A series of barriers blocking Virginia Avenue’s new-but-yet-to-be-completed bike lane has become a focal point of controversy among the local community and the District Department of Transportation about safe cycling in the neighborhood.
Locals noticed DDOT placed 10 barriers at intersections along Virginia Avenue from G to 20th streets earlier this month to block access to the bike lane in areas that still need functioning traffic signals, which would help protect pedestrians from oncoming bikers. Bikers have been seen using the bike lane since DDOT installed the path – located in the middle of the Virginia Avenue thoroughfare – in December, but agency officials tweeted around the same time that the project was “not quite complete.”
Some local leaders – like Joel Causey, the chair of the Foggy Bottom and West End Advisory Neighborhood Commission – said the bike lane’s opening was unsafe and “premature” without functioning traffic signals designed to control traffic that bikers, pedestrians and motorists share on the street. DDOT has received backlash for failing to respond to calls from locals to install a traffic signal at the corner of 21st and I streets before cyclist Shawn O’Donnell died in a collision with a truck driver last month while the intersection was still uncontrolled.
“It’s a safety risk to have the bike lanes operational without the lights working,” ANC Chair Joel Causey said in an interview.
The barriers blocking the lane force cyclists to ride on the sidewalk or alongside Virginia Avenue traffic. DDOT did not immediately return a request for comment on the placement of the barriers in the bike lane or the timeline of the bike lane’s completion.
As of Sunday afternoon, Aug. 28, the majority of the barriers blocking the bike lane have been pushed out of the way for cyclists to enter and exit. Two of the structures at Virginia Avenue and D Street remain obstructing the bike lane.
Local residents and ANC commissioners have debated whether DDOT should have opened or blocked the bike lane as the project’s end date remains unclear after months of delays. The project was slated to wrap up back in March after DDOT first announced plans for the bike lane in February 2021.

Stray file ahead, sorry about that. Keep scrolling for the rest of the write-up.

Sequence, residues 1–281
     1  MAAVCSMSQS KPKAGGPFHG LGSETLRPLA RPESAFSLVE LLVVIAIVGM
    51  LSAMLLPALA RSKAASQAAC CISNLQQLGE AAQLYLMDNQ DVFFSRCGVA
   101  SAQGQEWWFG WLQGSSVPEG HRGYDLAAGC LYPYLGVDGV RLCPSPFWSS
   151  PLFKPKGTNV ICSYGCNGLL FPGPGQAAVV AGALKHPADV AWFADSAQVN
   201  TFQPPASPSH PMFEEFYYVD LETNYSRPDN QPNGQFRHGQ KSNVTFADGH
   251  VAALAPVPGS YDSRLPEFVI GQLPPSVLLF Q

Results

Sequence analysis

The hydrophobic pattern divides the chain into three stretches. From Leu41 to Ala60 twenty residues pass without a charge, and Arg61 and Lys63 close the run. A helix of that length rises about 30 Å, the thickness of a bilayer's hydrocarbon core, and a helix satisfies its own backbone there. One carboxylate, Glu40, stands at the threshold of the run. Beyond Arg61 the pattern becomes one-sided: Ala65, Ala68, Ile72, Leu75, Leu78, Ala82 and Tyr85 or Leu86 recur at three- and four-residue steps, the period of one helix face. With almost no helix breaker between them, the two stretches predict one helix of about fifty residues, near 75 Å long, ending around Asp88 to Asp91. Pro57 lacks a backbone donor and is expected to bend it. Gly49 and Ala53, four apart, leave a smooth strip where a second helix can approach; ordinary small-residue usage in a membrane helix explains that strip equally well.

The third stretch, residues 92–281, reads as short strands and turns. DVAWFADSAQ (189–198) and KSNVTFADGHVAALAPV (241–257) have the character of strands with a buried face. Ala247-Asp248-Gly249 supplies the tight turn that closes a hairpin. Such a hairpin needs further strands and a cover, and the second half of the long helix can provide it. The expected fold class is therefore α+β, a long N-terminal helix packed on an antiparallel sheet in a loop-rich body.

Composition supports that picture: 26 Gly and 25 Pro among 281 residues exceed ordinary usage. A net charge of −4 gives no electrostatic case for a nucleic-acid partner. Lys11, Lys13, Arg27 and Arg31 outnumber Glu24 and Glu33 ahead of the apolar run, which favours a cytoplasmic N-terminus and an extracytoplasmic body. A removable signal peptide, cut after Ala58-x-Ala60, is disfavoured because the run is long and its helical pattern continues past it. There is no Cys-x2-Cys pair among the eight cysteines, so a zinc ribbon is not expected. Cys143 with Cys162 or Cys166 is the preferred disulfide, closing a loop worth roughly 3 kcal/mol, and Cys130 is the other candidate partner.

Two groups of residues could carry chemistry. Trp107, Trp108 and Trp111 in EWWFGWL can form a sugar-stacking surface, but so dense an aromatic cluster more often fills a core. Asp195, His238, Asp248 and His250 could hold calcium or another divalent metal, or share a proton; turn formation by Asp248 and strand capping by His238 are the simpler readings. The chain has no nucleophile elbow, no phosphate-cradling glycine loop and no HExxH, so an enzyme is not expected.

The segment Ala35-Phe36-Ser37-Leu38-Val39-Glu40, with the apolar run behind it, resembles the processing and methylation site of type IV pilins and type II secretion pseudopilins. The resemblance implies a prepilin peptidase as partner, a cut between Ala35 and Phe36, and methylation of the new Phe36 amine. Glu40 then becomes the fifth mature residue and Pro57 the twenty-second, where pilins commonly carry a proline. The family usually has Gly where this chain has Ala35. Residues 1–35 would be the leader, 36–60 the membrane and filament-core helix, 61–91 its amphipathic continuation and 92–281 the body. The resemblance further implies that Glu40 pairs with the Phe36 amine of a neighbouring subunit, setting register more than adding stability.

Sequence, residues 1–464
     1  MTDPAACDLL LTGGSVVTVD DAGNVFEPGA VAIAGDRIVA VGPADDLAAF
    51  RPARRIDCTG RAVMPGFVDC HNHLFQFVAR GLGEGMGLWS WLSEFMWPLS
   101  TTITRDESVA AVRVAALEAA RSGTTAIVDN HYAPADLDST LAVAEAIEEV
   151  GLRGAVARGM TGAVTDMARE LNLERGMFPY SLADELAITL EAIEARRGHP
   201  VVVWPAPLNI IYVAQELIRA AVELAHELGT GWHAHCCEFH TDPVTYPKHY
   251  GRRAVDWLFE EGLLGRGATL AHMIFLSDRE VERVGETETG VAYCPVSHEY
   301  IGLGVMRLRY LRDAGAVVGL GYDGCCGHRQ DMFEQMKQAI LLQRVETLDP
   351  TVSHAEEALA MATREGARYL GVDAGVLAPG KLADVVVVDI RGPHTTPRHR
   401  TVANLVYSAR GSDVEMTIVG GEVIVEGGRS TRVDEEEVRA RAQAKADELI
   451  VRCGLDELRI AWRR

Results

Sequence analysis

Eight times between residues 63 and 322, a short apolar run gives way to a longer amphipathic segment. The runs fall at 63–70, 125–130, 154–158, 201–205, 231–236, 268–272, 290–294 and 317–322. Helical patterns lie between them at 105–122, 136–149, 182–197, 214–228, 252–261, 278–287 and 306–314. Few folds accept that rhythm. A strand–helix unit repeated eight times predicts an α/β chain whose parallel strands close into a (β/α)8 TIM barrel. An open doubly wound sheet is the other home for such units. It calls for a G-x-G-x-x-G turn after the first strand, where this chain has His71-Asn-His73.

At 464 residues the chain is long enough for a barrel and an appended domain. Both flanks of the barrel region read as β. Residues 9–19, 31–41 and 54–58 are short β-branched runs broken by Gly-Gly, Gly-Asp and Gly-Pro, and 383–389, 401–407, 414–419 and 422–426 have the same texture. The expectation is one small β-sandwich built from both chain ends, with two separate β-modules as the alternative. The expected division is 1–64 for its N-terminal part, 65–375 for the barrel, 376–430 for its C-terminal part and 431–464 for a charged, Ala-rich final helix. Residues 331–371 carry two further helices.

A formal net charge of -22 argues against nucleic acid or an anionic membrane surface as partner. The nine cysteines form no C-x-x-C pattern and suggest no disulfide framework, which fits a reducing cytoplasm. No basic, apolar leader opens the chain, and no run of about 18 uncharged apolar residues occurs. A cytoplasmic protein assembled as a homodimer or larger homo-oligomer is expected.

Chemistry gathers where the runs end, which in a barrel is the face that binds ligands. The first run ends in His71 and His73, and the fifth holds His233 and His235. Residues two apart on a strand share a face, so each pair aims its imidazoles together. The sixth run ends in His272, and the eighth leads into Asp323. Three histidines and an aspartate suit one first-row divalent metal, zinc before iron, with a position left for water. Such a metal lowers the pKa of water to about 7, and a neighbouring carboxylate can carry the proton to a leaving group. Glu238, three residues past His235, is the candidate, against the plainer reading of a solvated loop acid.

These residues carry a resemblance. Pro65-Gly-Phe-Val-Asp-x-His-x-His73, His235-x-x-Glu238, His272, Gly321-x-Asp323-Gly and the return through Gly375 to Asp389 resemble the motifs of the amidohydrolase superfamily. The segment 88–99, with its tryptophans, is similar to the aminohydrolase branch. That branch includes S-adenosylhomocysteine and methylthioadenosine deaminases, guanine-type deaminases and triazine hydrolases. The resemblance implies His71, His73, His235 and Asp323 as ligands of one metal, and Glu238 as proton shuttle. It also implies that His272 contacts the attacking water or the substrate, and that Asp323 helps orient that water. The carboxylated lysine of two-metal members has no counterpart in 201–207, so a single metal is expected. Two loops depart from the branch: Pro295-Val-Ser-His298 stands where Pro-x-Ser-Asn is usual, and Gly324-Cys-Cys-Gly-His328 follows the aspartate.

Last month, the ANC unanimously voted to request that DDOT address pedestrian and driver safety along several intersections on Virginia Avenue, citing concerns over the short crosswalk signal times which they said could put elderly and disabled pedestrians at risk.
“I believe that in a rush to get the bike lanes in and claim victory for bike lanes, they failed to understand that we have constituents who are elderly,” Causey said at the meeting.
The ANC also asked for a timeline of the bike lane’s completion and a DDOT analysis of the pedestrian conditions, like crosswalk times and safety, at the avenue’s intersections.
“One of the complaints from the citizens is that they’re trying to cross there,” Causey said. “There’s no pause. Bikes are flying by at high speed, and here’s a person with a walker and a wheelchair and they have a fear of getting hurt.”
Causey said DDOT will update the ANC during its meeting in September and anticipates the barriers will remain in the bike lanes until the agency finishes installing the signals. He said bikers should remain “vigilant” in the meantime of their surroundings and exert more caution on busier streets like Virginia Avenue.
“I know this is a very passionate issue for a lot of bicyclists out there,” Causey said. “They want the lanes open, but they have to understand that it has to be done in a safe manner.”
ANC Commissioner Yannik Omictin said the barriers were an “overreaction” by DDOT because they force bikers on Virginia Avenue to either merge with traffic or ride on the sidewalk, creating hazardous conditions alongside either speeding vehicles or walking pedestrians.
“Obviously biking in traffic is very dangerous for Virginia Avenue,” Omictin said. “And biking on the sidewalk is exactly what folks were saying is not a good thing, and this is one of the reasons why we have this bike lane in the first place.”
Omictin said as of Thursday he has not been able to contact DDOT to discuss the barriers. He said while he understands the bike lanes remain incomplete, the protected bike lanes are “much safer” for residents than the alternative, even without the extended signal times.
“Just in the state it is right now, it is safer for cyclists, it’s safer for cars and it’s safer for pedestrians because there’s at least a separation,” he said.